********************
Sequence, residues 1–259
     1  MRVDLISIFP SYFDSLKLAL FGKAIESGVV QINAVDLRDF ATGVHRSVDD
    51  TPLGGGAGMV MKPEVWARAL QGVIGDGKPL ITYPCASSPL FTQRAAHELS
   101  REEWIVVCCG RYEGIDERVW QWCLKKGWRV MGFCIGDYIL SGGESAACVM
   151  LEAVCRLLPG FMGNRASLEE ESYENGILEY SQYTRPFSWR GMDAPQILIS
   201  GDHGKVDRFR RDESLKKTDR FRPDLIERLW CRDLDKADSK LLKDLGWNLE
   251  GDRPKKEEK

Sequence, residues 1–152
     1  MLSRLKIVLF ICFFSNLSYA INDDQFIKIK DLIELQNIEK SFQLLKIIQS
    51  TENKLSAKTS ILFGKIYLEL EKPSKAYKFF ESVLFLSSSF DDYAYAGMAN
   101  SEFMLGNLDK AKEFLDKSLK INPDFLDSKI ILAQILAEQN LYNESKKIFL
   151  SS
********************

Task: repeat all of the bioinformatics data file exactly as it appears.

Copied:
Sequence, residues 1–259
     1  MRVDLISIFP SYFDSLKLAL FGKAIESGVV QINAVDLRDF ATGVHRSVDD
    51  TPLGGGAGMV MKPEVWARAL QGVIGDGKPL ITYPCASSPL FTQRAAHELS
   101  REEWIVVCCG RYEGIDERVW QWCLKKGWRV MGFCIGDYIL SGGESAACVM
   151  LEAVCRLLPG FMGNRASLEE ESYENGILEY SQYTRPFSWR GMDAPQILIS
   201  GDHGKVDRFR RDESLKKTDR FRPDLIERLW CRDLDKADSK LLKDLGWNLE
   251  GDRPKKEEK

Sequence, residues 1–152
     1  MLSRLKIVLF ICFFSNLSYA INDDQFIKIK DLIELQNIEK SFQLLKIIQS
    51  TENKLSAKTS ILFGKIYLEL EKPSKAYKFF ESVLFLSSSF DDYAYAGMAN
   101  SEFMLGNLDK AKEFLDKSLK INPDFLDSKI ILAQILAEQN LYNESKKIFL
   151  SS